As noted above, I’d been around the block a few times with agents saying similar things. I mean, I was glad he’d taken the time to track me down, but didn’t want to get overly stoked. I sent off the latest draft and didn’t give it much more thought. A week or so later, he wrote back. The email started off with something like “Zenn Scarlett has much to recommend it. It has the flavor of things like Firefly and” – he rattled off a few other SF-related titles but I had the distinct feeling there was a big “but” coming. Well, not this time. He went on to say that while my book had echoes of these other properties, it was a totally unique, fresh take and he’d like to work with me to find a publisher for it. And so I had an agent. And a damn fine one, if I say so myself.

After taking me on, Adam then worked with me every step of the journey to, first of all, bring the book up to submission standards and then, to deal with the over-long word count to turn it into two books instead of one. Several months after I signed with DeFiore, Adam sold my books as a series to Strange Chemistry/Angry Robot in a two book deal.

(How to help an author promote their new book: 11 tips.)


The moral and/or post-script: ya never know, nope, ya just never know when, where or how agent-ly lightning will strike. If you’re determined to go the traditional publishing route (which I was…) you gotta keep working, keep writing, keep re-writing, keep submitting and re-subbing… and keep the faith. Hey, maybe the next Kindle having its files cleaned up will prompt your dream-agent to pause just long enough to say “Wait a minute. I loved this book. Wonder if anybody signed this writer up yet?”



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5 thoughts on “How I Got My Agent: Christian Schoon

  1. DRMaddock

    Thanks for this, it gives me a lot of hope. I’ve been querying my YA Sci-Fi for a while now, but nothing yet. I picked up a copy of your book for something to read in between queries. I love the cover!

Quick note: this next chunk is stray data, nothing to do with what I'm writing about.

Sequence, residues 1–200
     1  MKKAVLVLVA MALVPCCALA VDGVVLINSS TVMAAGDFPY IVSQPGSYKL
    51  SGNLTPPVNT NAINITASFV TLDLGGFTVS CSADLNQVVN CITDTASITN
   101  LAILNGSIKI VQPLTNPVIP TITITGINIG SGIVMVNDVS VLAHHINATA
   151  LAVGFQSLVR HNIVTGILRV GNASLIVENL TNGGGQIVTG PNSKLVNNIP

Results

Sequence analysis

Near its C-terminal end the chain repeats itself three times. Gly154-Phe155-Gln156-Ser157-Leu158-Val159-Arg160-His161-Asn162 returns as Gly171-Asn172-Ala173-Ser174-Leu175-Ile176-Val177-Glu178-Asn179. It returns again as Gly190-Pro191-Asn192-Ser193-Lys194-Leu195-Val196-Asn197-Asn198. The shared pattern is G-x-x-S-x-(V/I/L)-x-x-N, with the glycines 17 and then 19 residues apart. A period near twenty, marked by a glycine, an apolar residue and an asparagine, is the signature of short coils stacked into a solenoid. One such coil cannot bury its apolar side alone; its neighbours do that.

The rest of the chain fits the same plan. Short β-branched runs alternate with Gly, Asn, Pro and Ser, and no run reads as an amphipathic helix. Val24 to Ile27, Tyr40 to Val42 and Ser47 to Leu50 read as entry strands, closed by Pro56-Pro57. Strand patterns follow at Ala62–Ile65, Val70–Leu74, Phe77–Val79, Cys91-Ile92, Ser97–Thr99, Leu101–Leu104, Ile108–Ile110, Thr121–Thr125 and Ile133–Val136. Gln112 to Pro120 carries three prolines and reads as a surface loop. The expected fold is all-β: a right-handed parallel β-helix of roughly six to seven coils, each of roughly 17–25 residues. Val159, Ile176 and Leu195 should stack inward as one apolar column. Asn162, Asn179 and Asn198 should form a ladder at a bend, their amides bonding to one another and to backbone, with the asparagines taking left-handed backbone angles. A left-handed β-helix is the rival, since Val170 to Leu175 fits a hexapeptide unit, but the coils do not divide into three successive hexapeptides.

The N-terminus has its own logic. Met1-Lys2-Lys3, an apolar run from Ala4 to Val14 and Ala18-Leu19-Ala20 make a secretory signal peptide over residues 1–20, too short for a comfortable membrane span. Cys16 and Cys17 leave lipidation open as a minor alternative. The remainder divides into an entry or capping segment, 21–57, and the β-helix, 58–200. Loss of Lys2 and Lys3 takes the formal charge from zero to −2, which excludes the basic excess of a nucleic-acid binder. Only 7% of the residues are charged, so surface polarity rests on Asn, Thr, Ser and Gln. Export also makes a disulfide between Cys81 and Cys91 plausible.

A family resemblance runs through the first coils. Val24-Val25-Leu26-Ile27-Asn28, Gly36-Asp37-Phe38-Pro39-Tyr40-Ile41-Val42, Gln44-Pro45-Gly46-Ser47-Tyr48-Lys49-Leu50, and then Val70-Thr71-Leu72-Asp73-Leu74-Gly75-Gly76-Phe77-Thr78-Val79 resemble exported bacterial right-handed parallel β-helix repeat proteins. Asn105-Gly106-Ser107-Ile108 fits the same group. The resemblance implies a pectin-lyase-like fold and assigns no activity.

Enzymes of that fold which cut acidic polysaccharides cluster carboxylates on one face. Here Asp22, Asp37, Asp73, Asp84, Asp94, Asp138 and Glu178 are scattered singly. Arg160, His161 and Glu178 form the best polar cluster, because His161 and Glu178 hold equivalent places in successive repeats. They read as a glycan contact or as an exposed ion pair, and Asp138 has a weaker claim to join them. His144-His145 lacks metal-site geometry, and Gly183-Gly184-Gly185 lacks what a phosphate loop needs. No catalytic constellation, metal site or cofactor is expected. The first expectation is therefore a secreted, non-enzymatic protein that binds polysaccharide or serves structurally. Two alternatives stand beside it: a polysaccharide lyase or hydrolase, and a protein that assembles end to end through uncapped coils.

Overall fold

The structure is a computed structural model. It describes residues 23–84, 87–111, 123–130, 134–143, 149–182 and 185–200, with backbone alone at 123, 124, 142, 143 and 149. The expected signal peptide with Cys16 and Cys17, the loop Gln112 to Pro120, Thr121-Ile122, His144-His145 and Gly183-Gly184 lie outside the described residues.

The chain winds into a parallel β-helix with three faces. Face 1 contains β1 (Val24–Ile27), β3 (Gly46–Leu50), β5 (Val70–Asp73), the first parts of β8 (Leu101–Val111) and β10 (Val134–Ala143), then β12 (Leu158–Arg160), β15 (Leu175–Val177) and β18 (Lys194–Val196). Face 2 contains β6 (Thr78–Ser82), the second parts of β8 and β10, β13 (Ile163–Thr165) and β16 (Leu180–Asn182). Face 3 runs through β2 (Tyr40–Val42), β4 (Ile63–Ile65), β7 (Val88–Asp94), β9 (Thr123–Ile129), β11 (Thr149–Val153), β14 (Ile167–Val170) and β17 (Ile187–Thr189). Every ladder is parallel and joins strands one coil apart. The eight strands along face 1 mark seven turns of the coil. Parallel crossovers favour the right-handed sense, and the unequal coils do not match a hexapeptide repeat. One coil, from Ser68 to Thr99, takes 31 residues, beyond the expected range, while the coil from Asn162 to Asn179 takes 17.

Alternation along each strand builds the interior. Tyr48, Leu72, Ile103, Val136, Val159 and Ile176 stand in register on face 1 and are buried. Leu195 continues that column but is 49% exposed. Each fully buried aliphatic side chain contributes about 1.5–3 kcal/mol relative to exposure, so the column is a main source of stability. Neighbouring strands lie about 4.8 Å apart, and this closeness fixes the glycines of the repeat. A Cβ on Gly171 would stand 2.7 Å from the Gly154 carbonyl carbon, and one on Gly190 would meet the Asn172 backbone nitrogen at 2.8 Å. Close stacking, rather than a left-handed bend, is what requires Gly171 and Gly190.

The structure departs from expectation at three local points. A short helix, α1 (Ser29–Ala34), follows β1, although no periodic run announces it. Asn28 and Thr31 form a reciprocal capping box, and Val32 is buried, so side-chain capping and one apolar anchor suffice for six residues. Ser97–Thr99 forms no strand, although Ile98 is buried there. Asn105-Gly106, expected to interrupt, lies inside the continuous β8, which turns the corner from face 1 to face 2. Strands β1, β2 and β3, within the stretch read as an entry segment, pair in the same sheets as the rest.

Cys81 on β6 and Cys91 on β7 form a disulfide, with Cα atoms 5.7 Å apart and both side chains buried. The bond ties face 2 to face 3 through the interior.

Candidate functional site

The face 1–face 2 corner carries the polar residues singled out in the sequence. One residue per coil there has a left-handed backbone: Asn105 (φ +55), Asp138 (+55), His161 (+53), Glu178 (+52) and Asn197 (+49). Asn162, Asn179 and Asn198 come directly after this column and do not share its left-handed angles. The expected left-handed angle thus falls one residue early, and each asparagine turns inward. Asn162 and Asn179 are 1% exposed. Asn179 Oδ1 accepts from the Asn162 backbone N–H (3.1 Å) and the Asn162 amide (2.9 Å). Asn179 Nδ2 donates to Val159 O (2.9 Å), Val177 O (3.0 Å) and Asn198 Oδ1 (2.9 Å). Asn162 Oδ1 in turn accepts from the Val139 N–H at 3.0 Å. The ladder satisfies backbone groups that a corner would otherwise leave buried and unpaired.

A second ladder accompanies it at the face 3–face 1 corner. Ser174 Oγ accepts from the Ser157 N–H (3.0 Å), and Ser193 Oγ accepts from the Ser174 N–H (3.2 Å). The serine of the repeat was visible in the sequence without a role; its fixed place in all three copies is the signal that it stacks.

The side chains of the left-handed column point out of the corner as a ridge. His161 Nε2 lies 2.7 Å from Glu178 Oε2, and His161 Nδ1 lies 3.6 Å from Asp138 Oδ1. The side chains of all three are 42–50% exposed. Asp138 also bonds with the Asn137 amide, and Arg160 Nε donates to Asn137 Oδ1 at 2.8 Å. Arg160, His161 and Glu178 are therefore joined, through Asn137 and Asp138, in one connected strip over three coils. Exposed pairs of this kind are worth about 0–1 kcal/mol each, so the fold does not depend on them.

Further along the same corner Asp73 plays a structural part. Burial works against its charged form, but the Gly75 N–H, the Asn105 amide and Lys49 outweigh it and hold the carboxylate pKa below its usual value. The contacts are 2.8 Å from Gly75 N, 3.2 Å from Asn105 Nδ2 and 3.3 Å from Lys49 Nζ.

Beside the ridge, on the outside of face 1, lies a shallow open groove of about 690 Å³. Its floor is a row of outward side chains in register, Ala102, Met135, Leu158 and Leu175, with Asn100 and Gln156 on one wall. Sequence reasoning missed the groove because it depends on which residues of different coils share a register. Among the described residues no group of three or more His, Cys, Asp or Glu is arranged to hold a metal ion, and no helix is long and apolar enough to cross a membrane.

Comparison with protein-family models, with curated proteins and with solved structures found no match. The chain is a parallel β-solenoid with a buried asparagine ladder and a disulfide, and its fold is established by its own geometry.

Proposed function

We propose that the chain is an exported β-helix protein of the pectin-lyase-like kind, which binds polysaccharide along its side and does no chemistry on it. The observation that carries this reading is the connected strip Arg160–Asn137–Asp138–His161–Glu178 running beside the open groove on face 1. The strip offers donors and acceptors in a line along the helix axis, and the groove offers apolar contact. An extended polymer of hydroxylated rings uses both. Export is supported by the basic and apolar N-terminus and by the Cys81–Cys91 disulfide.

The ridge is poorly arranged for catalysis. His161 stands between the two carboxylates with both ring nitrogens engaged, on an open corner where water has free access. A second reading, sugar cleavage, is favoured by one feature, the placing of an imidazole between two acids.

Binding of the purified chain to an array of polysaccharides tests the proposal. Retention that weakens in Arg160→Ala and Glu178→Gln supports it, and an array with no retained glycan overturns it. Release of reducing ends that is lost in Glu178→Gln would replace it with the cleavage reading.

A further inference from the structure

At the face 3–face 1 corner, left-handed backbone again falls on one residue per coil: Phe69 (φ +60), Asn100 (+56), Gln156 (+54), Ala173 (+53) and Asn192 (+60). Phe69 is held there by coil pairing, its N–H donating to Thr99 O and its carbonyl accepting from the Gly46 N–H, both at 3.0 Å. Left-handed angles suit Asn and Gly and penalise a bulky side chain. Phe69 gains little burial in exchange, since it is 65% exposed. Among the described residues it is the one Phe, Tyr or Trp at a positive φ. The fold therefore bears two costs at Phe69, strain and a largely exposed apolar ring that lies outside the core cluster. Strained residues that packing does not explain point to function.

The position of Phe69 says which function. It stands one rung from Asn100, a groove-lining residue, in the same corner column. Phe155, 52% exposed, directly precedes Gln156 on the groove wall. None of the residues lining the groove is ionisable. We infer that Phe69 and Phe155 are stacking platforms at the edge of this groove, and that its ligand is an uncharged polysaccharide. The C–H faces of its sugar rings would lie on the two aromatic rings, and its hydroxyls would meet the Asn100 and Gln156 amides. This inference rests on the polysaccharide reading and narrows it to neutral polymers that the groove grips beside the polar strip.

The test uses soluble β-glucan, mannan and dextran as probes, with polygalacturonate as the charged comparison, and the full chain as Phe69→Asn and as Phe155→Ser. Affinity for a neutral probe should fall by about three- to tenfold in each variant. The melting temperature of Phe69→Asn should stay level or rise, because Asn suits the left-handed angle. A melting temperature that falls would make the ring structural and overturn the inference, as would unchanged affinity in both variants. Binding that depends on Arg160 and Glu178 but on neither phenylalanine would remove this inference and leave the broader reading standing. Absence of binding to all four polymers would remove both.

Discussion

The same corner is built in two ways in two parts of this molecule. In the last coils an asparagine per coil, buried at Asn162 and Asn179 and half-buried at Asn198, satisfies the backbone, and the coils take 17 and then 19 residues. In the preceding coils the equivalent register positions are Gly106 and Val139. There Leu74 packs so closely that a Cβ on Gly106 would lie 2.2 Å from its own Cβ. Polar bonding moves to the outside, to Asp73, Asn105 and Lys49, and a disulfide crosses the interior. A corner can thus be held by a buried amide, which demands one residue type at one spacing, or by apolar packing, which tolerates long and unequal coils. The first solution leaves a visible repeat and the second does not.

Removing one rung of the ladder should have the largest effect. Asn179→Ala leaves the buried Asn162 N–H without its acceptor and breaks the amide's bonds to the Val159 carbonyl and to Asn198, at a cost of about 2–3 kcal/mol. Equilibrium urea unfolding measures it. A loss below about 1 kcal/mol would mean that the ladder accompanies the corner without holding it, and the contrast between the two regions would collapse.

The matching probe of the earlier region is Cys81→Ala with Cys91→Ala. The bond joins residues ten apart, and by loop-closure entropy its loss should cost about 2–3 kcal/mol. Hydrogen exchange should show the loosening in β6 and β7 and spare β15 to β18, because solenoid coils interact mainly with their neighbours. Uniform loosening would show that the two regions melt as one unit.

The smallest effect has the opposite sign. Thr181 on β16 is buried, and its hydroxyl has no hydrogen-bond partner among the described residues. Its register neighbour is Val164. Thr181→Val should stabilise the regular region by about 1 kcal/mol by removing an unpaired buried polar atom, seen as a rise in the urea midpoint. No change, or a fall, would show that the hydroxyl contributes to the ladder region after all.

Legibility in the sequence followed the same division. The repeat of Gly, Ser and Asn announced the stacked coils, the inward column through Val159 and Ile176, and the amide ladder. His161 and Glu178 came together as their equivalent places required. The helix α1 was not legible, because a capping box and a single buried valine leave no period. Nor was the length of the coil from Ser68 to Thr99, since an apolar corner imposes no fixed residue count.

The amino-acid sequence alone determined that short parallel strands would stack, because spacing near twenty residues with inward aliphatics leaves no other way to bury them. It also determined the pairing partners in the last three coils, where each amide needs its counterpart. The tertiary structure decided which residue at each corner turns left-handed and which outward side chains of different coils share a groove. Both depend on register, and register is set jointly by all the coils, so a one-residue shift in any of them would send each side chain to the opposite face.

D.R. Maddock

  2. missnelso04

    Congrats! I don’t typically pick up YA stuff anymore, but the premise of this book sounds AWESOME (and what little girl didn’t grow up wanting to be a vet?). You put good out, you get good in!

  3. christian schoon

    Hi vrundell and thanks for dropping in. I have to agree, I’ve always FELT lucky, and hey, even if that doesn’t really signify anything in the cause-effect arena, it never hurts to look on the bright side (*hums closing song from Monty Python’s Life of Brian*) And thanks too for your thoughts re: the critters. Can’t imagine life without them – plus, they’re an on-going inspiration when it comes to writing about my heroine and her unusual patients! Also, thanks again to Chuck for letting me ramble on a bit here on GTLA. This site has been a great resource for me and many, many others. Good on ya, Chuck!

  4. vrundell

    Ah, serendipity is a strange gal! No, seriously, good on you for doing all the right things and finding success. There’s a quote from Olympic wrestler/hall of fame coach Dan Gable that goes something like this: Luck is what happens when hard work meets opportunity–and you, my friend, have it in spades.
    Best of luck with this project.
    And, with the animal rescue/rehabilitation.